The top executive for the biggest fuel pipeline operator in the United States told lawmakers he felt like he had no choice but to pay off hackers after a ransomware attack shut down operations along the East Coast.
Testifying Tuesday before the Senate Homeland Security and Governmental Affairs Committee, Colonial Pipeline Chief Executive Joseph Blount took responsibility for agreeing to pay the Russian-based DarkSide Network approximately $5 million to minimize potentially disastrous delays to fuel delivery.
"I know how critical our pipeline is to the country, and I put the interests of the country first," Blount said.
"It was the hardest decision I've made in my 39 years in the energy industry," he added. "We wanted to stay focused on getting the pipeline back up and running. I believe with all my heart it was the right choice to make."
The May 7 DarkSide ransomware attack on Colonial Pipeline spawned fuel shortages and panic-buying across parts of the U.S., pushing prices higher as drivers hunted for gas stations that had not run out of fuel.
U.S. law enforcement, including cyber experts at the Federal Bureau of Investigation (FBI), routinely warn companies against paying ransoms to hackers. But Blount said that even though the company was in contact with the FBI, he felt paying DarkSide was the most prudent option.
"It was our understanding that the decision was solely ours as a private company," he told lawmakers. "Considering the consequences of potentially not bringing the pipeline back on as quickly as I possibly could, I chose the ransom."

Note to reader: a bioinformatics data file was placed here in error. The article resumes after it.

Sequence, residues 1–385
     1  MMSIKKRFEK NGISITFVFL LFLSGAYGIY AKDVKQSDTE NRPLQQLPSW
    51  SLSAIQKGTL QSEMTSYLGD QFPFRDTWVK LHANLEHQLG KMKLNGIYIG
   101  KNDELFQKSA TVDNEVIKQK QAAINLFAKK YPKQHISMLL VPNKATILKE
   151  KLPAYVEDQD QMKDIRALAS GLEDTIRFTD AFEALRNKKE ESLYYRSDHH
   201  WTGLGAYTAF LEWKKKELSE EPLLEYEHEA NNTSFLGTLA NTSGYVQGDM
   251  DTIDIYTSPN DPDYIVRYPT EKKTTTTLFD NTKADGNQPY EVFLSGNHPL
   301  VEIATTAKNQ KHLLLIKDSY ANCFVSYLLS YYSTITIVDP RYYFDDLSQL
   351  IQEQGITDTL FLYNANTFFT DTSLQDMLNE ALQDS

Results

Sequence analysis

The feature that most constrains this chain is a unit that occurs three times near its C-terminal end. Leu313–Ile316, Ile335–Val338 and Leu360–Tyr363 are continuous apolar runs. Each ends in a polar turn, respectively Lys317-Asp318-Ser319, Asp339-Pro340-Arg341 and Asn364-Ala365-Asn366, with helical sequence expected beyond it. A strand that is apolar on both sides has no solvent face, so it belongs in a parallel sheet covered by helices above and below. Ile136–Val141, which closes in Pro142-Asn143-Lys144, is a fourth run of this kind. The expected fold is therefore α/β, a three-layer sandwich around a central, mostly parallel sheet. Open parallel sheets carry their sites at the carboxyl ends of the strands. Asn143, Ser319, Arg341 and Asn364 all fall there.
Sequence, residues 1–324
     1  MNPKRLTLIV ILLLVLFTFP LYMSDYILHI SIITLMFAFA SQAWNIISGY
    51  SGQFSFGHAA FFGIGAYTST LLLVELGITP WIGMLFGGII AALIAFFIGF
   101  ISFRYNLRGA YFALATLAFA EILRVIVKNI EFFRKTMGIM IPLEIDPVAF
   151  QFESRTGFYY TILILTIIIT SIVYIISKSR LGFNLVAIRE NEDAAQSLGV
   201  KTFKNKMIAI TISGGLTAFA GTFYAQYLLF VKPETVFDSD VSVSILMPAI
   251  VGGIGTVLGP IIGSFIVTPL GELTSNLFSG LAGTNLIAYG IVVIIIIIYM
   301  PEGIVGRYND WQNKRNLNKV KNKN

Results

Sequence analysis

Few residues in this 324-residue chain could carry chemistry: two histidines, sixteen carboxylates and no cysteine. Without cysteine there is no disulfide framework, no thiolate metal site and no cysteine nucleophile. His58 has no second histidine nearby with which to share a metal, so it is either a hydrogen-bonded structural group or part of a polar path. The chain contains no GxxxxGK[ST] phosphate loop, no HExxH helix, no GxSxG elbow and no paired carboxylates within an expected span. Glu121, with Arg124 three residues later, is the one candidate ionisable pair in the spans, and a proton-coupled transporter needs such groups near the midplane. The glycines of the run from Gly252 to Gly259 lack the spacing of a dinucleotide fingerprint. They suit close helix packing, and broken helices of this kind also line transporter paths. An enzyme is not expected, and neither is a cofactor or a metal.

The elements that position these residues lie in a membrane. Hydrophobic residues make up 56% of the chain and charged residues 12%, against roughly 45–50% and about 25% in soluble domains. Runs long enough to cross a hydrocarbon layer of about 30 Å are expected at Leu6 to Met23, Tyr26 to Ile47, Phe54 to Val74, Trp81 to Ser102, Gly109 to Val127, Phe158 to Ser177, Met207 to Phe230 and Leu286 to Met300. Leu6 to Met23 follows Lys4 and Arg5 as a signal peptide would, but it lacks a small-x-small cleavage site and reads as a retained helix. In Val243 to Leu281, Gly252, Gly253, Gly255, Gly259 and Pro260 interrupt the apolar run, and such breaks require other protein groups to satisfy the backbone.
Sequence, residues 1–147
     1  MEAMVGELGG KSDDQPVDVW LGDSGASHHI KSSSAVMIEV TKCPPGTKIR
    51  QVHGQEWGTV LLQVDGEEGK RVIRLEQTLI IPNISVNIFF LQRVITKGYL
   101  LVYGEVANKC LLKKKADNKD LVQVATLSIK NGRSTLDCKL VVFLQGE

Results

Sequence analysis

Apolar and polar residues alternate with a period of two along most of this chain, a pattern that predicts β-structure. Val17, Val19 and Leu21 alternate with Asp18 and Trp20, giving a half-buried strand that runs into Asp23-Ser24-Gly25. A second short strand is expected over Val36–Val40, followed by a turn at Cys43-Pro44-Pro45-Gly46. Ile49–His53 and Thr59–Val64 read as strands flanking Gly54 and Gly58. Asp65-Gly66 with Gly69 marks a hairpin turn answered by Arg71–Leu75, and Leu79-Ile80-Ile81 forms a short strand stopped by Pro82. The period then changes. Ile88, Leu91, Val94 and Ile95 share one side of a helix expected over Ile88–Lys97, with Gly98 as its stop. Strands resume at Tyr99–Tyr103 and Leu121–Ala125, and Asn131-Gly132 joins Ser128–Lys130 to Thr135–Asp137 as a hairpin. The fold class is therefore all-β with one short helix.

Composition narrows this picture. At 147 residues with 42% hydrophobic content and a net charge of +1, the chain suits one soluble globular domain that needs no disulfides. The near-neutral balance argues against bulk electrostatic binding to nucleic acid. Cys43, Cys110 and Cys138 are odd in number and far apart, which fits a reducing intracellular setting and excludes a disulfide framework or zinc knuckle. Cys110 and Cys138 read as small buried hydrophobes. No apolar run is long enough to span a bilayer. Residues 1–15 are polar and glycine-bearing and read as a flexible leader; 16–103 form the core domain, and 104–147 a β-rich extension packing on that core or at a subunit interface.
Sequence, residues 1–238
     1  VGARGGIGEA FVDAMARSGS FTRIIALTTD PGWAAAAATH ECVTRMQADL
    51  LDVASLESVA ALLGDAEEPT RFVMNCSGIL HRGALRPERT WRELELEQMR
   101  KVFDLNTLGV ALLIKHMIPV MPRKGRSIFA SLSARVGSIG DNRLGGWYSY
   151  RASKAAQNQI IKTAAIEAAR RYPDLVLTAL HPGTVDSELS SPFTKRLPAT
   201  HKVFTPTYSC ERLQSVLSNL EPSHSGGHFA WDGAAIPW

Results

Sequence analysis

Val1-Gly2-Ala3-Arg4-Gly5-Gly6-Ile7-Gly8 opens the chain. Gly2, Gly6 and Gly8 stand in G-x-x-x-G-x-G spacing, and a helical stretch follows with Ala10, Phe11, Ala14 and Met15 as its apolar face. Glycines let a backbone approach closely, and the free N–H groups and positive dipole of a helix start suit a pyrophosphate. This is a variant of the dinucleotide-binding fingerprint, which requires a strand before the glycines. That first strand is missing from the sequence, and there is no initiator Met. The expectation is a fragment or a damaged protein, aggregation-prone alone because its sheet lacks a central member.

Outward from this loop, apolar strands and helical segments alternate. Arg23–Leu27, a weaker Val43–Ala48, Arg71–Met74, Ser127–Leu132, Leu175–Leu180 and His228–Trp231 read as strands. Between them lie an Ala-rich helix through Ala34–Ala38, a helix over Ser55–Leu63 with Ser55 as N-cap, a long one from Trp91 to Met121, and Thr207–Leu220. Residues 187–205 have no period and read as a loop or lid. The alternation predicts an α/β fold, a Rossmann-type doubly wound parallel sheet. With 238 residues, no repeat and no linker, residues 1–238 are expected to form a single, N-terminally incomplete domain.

Blount said Colonial did not deal with DarkSide directly and instead hired legal experts and negotiators to act as intermediaries. The payment was delivered May 8 to the ransomware network in the form of the bitcoin cryptocurrency.
In return, DarkSide provided Colonial with a decryption key that helped the company regain access to its systems and eventually resume operations, Blount said, noting that some systems are just now coming back online.
Blount's testimony comes just a day after the U.S. Justice Department and the FBI announced that they managed to track the ransom and recover the majority of the bitcoin, which was valued at about $2.3 million.
U.S. Deputy Attorney General Lisa Monaco on Monday described the development as significant, boasting that law enforcement had "turned the tables" on the ransomware network.
Former government officials, though, worry that while the development slashed the hackers' profits, it could put the government and the private sector on a slippery slope.
"I think it's a bad public policy outcome," Chris Krebs, former director of the U.S. Cybersecurity and Infrastructure Security Agency (CISA), told a virtual forum hosted by Aspen Digital on Tuesday.
"I would really hesitate trying to make this sort of engagement mainstream," he said. "It's not the FBI's job to go out there and claw back money from criminals once they've taken it."
Other experts worry that companies, organizations and governments, like Colonial Pipeline, are putting themselves at a disadvantage.
"With ransomware, the misconception is that there's two options: pay criminals or don't pay criminals," said Raj Samani, co-founder of No More Ransom, an organization that distributes decryption keys for free.
"Many of the decryptors that are developed by the ransomware groups are actually rubbish," said Samani, who is also the chief scientist at McAfee, a U.S.-based cybersecurity company. "So, even if you pay a fee, you may not get your data back."
In the case of the Colonial Pipeline ransomware attack, the decryption key did allow the company to start getting some systems up and running.
"It's not a perfect tool," Blount told lawmakers Tuesday, adding that the company is working to further harden its cyber defenses.
Blount said DarkSide was able to access Colonial's systems by exploiting a virtual private network (VPN) that was no longer in use and which was protected only by a single password.
CISA recommends using what is known as multifactor authentication, which requires users use a password and then complete a second step, such as replying to a text message, in order to access critical systems.